From the Blog:
CNN: Baby boomer nuns revolutionize health care
The baby boomer generation's efforts at creating social justice dramatically transformed history – from the Vietnam War to gay rights. Even institutions that kept tradition at their very core – institutions such as the Roman Catholic Church – were radically changed by this generation.
CNN: Decades-long fight for Jewish freedom remembered
If asked to name the monumental chapters in Jewish history over the past century, people are likely to name the Holocaust or the founding of the state of Israel. Overlooked and largely unknown, especially among younger generations, is a tale that spanned decades and transcended politics, people and places.
By Jen Christensen, CNN
(CNN) - The baby boomer generation's efforts at creating social justice dramatically transformed history - from the Vietnam War to gay rights.
Even institutions that kept tradition at their very core - institutions such as the Roman Catholic Church - were radically changed by this generation.
Within the church, perhaps the biggest agents of this change were its nuns. A wave of new thought during the 1960s opened cloister doors.
While modernization of the church did leave fewer nuns in the pipeline to carry out work in the health care and education fields, the ones who stayed - this baby boomer generation of religious sisters - undertook a kind of grass-roots, social justice-oriented health care.
Read the full story
By Jessica Ravitz, CNN
If asked to name the monumental chapters in Jewish history over the past century, people are likely to name the Holocaust or the founding of the state of Israel.
Overlooked and largely unknown, especially among younger generations, is a tale that spanned decades and transcended politics, people and places.
It is the story of a campaign that began in the 1960s and demanded freedom of religion, speech and movement for Soviet Jews – and, by extension, others – who lived behind the Iron Curtain. A new group that wants the Soviet Jewry movement remembered says it belongs in history books, not just Jewish books, and can be a model for confronting human rights abuses that exist now.
Even from the early days, this was a movement that spoke to a broader audience. FULL POST
Editor's Note: Tanya Marie (“T.M.”) Luhrmann is a psychological anthropologist and the Watkins University professor in the department of anthropology at Stanford University in Stanford, California. She is the author of "When God Talks Back: Understanding the American Evangelical Relationship with God."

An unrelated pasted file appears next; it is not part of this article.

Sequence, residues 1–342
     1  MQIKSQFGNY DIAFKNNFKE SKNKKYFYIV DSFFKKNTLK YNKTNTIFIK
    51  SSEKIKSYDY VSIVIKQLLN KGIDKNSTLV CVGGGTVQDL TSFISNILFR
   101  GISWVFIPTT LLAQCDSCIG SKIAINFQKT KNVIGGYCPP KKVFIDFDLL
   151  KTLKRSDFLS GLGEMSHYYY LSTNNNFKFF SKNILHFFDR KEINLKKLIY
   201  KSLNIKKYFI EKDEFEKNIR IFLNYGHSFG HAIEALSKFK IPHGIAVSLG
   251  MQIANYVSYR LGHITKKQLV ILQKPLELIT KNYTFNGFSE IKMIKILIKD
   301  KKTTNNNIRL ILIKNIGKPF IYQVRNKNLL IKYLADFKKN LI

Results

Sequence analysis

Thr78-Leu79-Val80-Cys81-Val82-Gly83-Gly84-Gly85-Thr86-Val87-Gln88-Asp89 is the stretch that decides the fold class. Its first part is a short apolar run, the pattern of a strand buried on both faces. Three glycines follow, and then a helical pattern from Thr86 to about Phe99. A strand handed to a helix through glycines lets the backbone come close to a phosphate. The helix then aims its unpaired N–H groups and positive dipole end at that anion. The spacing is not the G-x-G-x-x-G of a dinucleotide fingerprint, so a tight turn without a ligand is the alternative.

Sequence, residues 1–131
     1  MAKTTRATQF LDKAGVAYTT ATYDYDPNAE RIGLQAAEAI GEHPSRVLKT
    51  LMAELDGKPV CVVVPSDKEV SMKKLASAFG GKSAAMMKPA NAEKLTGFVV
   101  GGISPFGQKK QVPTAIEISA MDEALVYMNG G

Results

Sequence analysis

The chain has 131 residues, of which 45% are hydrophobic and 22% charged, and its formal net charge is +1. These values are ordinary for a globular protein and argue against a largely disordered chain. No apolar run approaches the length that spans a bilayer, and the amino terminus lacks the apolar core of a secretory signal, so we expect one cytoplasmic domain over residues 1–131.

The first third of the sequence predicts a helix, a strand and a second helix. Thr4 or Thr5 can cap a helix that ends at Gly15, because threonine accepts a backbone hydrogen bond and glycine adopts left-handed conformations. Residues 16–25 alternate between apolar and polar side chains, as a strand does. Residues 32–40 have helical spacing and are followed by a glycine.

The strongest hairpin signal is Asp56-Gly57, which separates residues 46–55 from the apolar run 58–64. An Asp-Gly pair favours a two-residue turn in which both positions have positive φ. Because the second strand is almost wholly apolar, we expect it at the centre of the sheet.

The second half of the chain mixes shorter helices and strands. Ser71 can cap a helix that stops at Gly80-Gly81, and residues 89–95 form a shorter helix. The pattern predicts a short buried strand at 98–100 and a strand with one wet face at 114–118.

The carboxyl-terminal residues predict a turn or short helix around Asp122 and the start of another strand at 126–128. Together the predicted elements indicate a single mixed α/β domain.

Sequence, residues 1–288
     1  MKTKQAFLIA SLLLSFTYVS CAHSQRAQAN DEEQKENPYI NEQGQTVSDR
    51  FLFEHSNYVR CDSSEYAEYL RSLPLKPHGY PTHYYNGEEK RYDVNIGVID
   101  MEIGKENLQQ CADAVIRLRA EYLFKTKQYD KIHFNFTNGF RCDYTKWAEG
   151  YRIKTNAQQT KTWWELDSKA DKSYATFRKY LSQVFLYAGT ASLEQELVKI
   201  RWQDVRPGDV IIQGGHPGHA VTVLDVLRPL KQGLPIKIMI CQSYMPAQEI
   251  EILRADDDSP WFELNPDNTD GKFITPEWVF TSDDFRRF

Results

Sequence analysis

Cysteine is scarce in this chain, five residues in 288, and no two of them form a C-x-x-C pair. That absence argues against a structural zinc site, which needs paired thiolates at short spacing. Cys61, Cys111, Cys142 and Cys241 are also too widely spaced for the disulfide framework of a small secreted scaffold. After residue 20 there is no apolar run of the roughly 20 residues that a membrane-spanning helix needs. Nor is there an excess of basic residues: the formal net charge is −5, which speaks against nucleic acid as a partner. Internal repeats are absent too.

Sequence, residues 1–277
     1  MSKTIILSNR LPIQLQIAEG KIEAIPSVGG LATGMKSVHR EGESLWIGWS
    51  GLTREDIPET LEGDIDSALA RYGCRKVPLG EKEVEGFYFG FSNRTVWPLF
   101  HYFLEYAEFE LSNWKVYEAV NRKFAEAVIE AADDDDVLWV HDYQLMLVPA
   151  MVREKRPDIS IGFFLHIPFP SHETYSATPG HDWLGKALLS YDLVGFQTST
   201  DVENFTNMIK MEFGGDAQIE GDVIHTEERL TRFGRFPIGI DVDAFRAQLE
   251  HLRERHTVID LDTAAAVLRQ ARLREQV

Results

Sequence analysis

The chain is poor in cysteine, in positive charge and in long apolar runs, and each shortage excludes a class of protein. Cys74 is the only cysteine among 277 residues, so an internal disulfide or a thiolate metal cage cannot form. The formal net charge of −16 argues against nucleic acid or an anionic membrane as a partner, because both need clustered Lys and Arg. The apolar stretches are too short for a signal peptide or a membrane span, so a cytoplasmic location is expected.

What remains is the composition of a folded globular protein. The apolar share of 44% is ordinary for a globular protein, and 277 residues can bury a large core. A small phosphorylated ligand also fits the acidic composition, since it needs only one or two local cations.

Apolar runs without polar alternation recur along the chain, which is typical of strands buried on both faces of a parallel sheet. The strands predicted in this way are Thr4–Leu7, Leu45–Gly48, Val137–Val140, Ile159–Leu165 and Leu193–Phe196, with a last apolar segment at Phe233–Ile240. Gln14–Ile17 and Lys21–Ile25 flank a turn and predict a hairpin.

By T.M. Luhrmann, Special to CNN
(CNN)—In the Bible, God spoke directly to Abraham. He spoke directly to Moses. He spoke directly to Job. But to your neighbor down the street?
Most people reading the ancient scriptures understand these accounts of hearing God’s voice as miracles that really did happen but no longer take place today, or maybe as folkloric flourishes to ancient stories. Even Christians who believe that miracles can be an everyday affair can hesitate when someone tells them they heard God speak audibly. There’s an old joke: When you talk to God, we call it prayer, but when God talks to you, we call it schizophrenia.
Except that usually it’s not.
Editor’s note: Daniel Darling is a pastor, author and speaker in the Chicago area. His latest book is "Real: Owning Your Christian Faith." He tweets at @dandarling.
By Daniel Darling, Special to CNN
(CNN) – The Bible doesn’t clearly express an opinion on the possession of guns, but many evangelicals defend the unlimited distribution of firearms with the same fervor that they defend biblical orthodoxy. According to a recent Public Religion Research Institute survey, 8% of white evangelical Protestants favor tighter gun laws.
But in the wake of yet another deadly school shooting, it’s time for evangelicals to contribute to the national discussion beyond: “It’s not guns that kill people, it’s people that kill people.”
In fairness to gun enthusiasts, no reasonable observer could pin the blame for the Sandy Hook Elementary School shooting solely on the lack of effective gun laws. Even President Barack Obama and other influential voices have called for a balanced approach that looks not only at guns but also at mental illness, violent video games and a culture of fatherlessness that produces young troubled men. And the research about the effectiveness of gun controls laws seems mixed at best.
The CNN Belief Blog covers the faith angles of the day's biggest stories, from breaking news to politics to entertainment, fostering a global conversation about the role of religion and belief in readers' lives. It's edited by CNN's Daniel Burke with contributions from Eric Marrapodi and CNN's worldwide news gathering team.